When should transition goals be written and who should write them? According to new Federal regulations, transition planning starts at age 16. In Illinois, transition planning begins at age 14 ½. Transition plans can always be added earlier based on students’ needs. Transition planning is part of the IEP process. Goals originate with the students, but should include a culmination of input from the students, parents/guardians, IEP team, and adult services agencies.
What is the difference between IEP goals and transition goals? IEP goals are meant to be met during the school year. IEP goals are deficit driven. IEP goals are measured by performance Transition goals are related to life after high school. Transition goals are measured by whether the goal occurs or does not occur.
Determination of transition goals and The data that drives them Transition goals are derived from assessing a student’s strengths, preferences, interests, and limitations. These goals must be realistic. Three areas that must be covered are education/training, employment, & independent living. Assessments are ongoing & must be done in each of those three areas.
Measurable IDEA does not define measurable for us If a goal cannot be measured, it violates IDEA and may result in denial of FAPE to the child To measure is to perform a particular operation, to do something Measure weight – stand on a scale Tire pressure – put gauge on valve stem Temperature – look at a thermometer
Consent for Agency Invite IDEA 2004 requires school districts “to the extent appropriate, with the consent of the parents or a child who has reached the age of majority...the public agency must invite a representative of any participating agency that is likely to be responsible for providing or paying for transition services.” [34CFR §300.321(b)(3)]
Observable vs. Non-Observable A problematic element of measurable goals is whether the goal is observable, visible, or accountable. behavior MeasurableNon-Measurable Education John will enroll, attend, and complete a degree in Computer Science at a local college. John would like to complete a degree /training at a local college. Employment John will work full time in the field of computer science after completing post secondary education. John plans to work in a field of choice. Living Following graduation, John will maintain personal finances by paying monthly expenses independently. Upon graduation will continue to learn about life and academic skills.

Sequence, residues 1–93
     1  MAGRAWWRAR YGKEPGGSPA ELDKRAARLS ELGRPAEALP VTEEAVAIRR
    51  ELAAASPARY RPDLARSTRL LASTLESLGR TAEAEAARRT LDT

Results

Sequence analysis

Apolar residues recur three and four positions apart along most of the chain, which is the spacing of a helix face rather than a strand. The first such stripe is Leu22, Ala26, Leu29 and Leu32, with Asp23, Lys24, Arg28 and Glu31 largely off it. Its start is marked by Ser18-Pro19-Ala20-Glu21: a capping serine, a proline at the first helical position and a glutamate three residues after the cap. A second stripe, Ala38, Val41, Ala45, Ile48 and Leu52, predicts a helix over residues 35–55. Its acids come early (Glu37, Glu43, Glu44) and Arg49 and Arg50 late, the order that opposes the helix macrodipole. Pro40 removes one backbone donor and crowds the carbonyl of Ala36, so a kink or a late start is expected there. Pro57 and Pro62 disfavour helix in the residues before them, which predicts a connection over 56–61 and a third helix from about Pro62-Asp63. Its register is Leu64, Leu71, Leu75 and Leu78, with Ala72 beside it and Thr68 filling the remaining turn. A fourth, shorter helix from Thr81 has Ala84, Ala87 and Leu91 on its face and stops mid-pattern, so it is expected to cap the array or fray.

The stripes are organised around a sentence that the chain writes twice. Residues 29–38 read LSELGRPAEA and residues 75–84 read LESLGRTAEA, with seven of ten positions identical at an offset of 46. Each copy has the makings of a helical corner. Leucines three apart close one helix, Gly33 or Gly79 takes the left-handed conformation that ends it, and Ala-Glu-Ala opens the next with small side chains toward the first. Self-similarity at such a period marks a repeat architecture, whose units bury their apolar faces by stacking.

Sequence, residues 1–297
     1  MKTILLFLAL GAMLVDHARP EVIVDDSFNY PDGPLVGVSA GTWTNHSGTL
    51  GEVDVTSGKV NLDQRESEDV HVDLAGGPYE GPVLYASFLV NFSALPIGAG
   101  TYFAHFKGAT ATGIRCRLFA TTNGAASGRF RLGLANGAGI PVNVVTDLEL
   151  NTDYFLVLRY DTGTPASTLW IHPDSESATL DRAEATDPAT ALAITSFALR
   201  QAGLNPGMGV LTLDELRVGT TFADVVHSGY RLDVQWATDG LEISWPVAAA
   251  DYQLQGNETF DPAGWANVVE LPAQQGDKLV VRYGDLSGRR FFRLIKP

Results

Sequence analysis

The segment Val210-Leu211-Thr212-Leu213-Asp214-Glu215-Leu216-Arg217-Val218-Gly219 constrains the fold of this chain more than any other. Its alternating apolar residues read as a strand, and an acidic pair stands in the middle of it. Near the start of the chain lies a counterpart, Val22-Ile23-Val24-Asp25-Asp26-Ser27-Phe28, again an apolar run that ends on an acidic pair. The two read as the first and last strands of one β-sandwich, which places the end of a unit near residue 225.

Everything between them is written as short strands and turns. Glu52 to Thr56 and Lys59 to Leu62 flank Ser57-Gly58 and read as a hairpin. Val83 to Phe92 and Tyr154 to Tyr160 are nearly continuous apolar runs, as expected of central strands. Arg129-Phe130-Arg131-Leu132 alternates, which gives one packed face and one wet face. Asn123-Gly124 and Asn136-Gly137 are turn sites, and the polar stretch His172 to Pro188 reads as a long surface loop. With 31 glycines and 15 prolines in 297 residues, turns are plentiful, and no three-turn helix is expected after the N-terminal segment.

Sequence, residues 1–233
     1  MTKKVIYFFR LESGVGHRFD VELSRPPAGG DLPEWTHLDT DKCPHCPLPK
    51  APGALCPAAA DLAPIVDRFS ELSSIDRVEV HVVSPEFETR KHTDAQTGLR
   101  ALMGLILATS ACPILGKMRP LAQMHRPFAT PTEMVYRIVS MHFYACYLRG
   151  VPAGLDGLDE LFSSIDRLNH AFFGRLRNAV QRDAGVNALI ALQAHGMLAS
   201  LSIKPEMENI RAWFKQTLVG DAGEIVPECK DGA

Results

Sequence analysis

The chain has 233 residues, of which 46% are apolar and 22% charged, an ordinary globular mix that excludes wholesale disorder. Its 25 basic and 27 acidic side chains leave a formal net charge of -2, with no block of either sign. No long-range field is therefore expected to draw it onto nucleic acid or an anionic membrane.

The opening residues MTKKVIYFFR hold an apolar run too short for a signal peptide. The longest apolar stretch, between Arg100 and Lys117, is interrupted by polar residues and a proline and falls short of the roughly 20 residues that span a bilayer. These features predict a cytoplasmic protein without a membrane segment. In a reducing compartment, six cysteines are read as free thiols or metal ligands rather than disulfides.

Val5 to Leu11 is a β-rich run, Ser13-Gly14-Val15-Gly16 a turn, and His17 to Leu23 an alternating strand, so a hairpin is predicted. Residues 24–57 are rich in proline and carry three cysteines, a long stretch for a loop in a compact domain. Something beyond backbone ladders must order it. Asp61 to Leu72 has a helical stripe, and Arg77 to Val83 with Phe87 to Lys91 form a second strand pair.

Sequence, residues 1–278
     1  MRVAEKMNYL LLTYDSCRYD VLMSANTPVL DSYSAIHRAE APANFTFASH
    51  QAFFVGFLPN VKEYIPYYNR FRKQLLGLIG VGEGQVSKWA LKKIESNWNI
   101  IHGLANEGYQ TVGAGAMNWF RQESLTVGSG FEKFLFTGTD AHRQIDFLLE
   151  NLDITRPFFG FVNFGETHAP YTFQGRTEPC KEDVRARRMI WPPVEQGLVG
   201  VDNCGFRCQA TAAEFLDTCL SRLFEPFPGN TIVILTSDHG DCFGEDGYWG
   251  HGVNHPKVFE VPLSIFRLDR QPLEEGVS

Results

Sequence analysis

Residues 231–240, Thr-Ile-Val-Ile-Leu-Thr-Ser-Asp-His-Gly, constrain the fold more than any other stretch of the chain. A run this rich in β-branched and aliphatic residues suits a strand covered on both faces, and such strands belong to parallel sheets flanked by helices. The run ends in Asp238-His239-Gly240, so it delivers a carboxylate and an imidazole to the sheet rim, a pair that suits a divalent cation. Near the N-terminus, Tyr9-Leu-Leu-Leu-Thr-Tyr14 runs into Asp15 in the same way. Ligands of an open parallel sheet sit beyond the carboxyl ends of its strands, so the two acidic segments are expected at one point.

What if the student changes their transition goals? It is not unrealistic or uncommon for a student to change their goals. Barriers arise or outside influences cause a shift in goals. IEP teams are responsible for considering the students new area of interest and providing guidance and programming to reach that post school goal. Prepare the student the best possible with the time they have left. Make connections with agencies so the goal can be met.
Goals and Objectives -Grand Rule of goals/obj.—there is more than one right way to write any measurable goal/obj. -The vital element in a goal/obj is objective measurability -Each person will write goal/obj in a little different way, as long as they are measurable they are fine
Combination IEP/Transition Goal In 36 weeks Linda will increase words read correctly to 100 words/minute as measured by the maze reading test. Increasing reading skills may help promote Linda’s post secondary goals of attending college and working in the field of education. Transition goal must be linked to post secondary goal in employment, education, or independent living. All goals should be tagged as transition for students 13 ½ or older. One goal must be specifically related to employment.
Goal setting conclusion -Goal setting is based on experience, common sense, team input and professional judgment that takes into account the abilities of the student and the importance of the goal to the student at the time.
Daily Activities at Pride Shopping with Budget Menu Planning Cooking/Cleaning Teams Homework Sessions Life Skills Training Laundry Physical Exercise Recreation Arts/Crafts Manners Hygiene Field Trips – EDC – Colleges – Job Corp.
Assessments l Vocational * Magellan survey which includes; Temperments, data skills, people skills, physical skills, time commitment, academic skills, and interests. Emotional/ Behavior Checklist consists of seven areas; impulisivity- frustration, anxiety, depression-withdraw, socialization, self concept, aggression, and reality disorientation. Living Skills * Evaluates cooking, cleaning, ability to follow directions and rules.
Questions & Closing Handouts CPDUs Thanks for coming!